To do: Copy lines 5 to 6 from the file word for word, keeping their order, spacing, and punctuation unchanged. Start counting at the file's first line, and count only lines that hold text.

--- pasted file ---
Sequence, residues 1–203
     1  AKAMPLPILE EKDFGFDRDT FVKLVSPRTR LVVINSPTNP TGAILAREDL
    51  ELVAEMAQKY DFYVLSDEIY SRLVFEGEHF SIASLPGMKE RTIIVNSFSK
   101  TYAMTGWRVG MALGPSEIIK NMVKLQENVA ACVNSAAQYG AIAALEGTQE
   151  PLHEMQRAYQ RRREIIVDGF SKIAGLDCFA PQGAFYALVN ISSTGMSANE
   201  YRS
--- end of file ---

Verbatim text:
   151  PLHEMQRAYQ RRREIIVDGF SKIAGLDCFA PQGAFYALVN ISSTGMSANE
   201  YRS